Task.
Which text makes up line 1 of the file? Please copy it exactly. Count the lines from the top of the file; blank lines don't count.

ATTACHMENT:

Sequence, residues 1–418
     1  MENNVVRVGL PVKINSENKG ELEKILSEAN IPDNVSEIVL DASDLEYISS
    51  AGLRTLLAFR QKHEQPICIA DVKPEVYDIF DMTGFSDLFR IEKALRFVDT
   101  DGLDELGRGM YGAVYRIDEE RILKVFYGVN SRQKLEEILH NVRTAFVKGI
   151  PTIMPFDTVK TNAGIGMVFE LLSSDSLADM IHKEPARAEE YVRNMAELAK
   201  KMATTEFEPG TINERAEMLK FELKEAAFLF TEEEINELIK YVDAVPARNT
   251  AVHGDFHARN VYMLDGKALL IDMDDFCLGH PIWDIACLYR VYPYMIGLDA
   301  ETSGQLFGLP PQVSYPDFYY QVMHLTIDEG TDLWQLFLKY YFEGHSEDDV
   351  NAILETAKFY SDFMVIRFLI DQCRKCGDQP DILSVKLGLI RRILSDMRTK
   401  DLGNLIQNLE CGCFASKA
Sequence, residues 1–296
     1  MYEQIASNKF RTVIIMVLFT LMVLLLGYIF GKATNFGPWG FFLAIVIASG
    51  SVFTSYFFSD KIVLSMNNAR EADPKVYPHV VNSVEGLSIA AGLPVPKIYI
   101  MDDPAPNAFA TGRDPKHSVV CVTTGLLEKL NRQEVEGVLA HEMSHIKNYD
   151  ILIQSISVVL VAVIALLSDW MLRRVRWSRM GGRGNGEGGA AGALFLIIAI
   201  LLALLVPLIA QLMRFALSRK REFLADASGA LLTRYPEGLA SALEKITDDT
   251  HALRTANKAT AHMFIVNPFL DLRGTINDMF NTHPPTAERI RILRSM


Sequence, residues 1–418